Joe said...
This comment has been removed by the author.
Joe said...

Hello Brian, Glad to get your views. There's quite...
Hello Brian,
Glad to get your views. There's quite a lot there much of which I can agree with especially your analysis of how we got to where we are, so I'll try to respond. Firstly I don't see what I'm saying is supporting a PPP. In fact I'm on the sceptical wing when it comes to the benefits or otherwise of PPP's. My points are that arising from my dealings with the state transportation company I've concluded that there is nothing particularly statist in their brief. They do not have any greater commitment to communities than any other company, private or state. Management have a policy that if something is profitable they'll do it and if they can access state investment they'll be even more enthusiastic about doing it.

That sounds to me exactly like what Michael O'Leary's approach to developing routes out of Charleroi, Derry, Kerry and why in fact he withdrew flights from Shannon himself in favour of Kerry.

In the case of bus transport Wexford Bus provides public transport in Wexford Town and district. This private company has developed a business that if the town had to wait for Bus Eireann wouldn't exist. I simply believe that there is a place of a service,in the UK & most EU states many local authorities run services in their own cities, I believe that the local authority is in a better position to identify a wider local need than Bus Eireann or Irish Rail.


For example look at New Ross, there still exists a track to the quay. It was last used 13 years ago and it was closed because Irish Rail said it didn't have £250K to re-sleeper the line. All the ore from Lisheen mine in Tipperary is exported by truck through New Ross. Depreciation on the N25 road, time delays through gridlock, and (here's the best one £60K that) Wexford County Council had to fork out for gates on a level crossing that was never used on the N25. All costs carried while there was an alternative of putting a spur line 3 miles from the main Dublin Cork line to the mine, and railing the ore to New Ross.



In the case of the Rosslare Waterford line there has been no promotion of the line despite the obvious saving in time and fares. Lets see how the capital roads projects fare out and whether the Ross bridge proceeds despite the cutbacks. There are 3 bridges across the Barrow from Wexford, 2 are rail (one long closed) and one road, the potential is there to efficiently use the present infrastructure to improve service but not the incentive.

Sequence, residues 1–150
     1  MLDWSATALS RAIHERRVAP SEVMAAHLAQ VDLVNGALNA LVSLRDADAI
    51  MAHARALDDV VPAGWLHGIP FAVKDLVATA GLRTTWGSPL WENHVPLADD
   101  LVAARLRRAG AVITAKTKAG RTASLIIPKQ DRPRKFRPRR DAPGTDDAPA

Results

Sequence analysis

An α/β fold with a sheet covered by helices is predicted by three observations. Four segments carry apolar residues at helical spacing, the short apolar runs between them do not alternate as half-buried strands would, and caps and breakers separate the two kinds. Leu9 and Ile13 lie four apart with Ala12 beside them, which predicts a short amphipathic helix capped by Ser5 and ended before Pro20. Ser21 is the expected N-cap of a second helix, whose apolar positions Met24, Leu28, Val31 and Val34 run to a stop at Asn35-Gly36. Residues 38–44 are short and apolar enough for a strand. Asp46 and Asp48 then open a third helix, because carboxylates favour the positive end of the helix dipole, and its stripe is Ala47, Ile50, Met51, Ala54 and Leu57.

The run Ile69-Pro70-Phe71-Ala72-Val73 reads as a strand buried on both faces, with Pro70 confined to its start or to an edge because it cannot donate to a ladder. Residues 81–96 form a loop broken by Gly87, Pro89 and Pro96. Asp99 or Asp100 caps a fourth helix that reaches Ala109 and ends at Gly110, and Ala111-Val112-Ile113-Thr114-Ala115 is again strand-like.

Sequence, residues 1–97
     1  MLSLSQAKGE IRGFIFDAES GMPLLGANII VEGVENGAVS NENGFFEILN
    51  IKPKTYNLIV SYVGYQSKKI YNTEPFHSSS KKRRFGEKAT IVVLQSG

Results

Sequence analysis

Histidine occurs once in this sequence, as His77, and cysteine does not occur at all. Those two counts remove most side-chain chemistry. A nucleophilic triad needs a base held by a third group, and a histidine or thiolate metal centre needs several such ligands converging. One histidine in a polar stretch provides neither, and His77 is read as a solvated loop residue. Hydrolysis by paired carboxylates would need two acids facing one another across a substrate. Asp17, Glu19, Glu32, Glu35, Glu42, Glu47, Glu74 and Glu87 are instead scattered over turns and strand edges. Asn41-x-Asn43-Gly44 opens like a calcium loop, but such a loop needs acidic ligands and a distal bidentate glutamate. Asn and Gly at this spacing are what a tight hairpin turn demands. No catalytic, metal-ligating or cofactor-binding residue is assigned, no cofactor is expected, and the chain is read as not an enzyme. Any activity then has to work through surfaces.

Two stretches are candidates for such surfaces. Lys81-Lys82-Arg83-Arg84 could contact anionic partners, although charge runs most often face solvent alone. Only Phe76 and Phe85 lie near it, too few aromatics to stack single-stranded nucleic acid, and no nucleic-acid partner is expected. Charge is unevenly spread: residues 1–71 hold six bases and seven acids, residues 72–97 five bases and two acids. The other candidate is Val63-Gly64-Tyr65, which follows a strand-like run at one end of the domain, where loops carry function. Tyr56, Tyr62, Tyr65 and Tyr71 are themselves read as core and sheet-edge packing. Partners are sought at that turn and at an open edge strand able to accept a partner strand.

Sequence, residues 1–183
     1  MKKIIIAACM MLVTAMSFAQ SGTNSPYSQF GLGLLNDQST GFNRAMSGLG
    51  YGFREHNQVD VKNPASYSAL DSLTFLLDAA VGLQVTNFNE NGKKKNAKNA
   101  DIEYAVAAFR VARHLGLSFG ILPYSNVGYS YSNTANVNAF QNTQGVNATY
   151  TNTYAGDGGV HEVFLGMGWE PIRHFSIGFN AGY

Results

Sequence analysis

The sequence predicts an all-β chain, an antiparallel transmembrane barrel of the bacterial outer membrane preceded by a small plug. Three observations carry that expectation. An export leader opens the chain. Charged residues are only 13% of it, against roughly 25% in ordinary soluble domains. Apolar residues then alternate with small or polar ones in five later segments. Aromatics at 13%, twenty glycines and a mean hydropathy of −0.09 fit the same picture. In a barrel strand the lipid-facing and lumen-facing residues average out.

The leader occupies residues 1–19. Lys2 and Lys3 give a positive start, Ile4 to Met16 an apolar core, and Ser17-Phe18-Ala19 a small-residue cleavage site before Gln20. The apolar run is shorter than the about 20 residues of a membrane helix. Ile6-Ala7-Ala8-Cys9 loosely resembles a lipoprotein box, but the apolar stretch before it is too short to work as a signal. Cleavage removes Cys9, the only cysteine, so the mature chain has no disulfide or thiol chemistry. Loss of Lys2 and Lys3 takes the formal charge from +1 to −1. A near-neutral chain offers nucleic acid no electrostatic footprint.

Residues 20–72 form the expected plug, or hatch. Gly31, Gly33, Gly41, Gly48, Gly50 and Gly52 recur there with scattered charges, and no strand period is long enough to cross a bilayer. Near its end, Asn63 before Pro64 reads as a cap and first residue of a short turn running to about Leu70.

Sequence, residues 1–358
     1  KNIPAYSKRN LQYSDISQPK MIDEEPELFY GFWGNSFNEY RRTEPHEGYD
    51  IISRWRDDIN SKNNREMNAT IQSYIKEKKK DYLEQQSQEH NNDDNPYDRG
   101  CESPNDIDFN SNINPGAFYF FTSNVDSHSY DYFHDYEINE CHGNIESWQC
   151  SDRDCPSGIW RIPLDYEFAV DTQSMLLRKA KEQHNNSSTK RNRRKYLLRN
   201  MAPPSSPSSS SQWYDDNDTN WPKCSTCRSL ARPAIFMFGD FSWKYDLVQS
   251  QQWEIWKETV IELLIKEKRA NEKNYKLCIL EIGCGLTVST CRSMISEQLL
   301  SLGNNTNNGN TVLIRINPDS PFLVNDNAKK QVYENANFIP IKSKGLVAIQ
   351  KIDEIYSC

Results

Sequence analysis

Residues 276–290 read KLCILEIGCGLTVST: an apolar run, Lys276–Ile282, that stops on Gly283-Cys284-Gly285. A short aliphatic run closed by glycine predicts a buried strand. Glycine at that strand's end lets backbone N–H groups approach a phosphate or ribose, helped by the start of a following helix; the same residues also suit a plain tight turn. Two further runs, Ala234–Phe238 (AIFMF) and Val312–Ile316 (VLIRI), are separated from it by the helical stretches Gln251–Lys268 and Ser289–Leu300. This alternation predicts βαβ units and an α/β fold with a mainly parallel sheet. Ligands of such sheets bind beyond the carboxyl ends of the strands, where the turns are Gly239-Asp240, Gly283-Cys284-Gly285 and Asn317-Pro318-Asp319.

This week's Echo carries a good report by David Looby on how Rosslare Harbour people feel about their new railway station which serves no one. I was down there at Easter. There is no sign on the platform, no shelter, no timetable, no ticket office, no place for cars to pull in, it is awkward for wheelchair users to access across the track and then up a slope, it is bounded by palisade fence and its pedestrian entrance is off a roundabout. At least at the previous station you could go upstairs and get a cuppa while you waited. Poor service no consultation, see picture on left.
Could Irish Rail do better? Yes. Would Wexford County Council provide better if allowed? Definitely

Daragh said...

Joe,

There are two key infrastructure deficits that need to be addressed in Wexford if we are to attract and retain companies like Zurich and Coke.

1) Transport... as a committed long-haul commuter, you know I've got views on this. There needs to be an integrated transport plan for each town in Wexford (extending out to hinterlands as appropriate/possible). This plan won't materialise in the Dept of Transport and I would argue it should be lead by Borough/County Councils. The plan should address issues such as getting people from point X to Wexford station in time for the train or bus at 6am, with regular and reliable services, and indeed lobbying for earlier start times on trains (or faster trains) so the perception that travelling by car is faster can be quashed (it isn't. I've used car, rail and bus to Dublin and bus and rail are faster).
Aligning the whole shebang with the National Spatial Strategy (remember that?) would tie the bow off on that.

2) BROADBAND... for those days when you absolutely have to be in Dublin but absolutely can't be in Dublin... Broadband service in Wexford is largely a joke. 3 trumpet their coverage in Wexford, but a call to their tech support reveals they have 'long running technical issues' in Wexford town. Local providers are worth supporting, but only when they can deliver service... and many of them can't because of 'obstructions' (and don't get me started on customer service issues).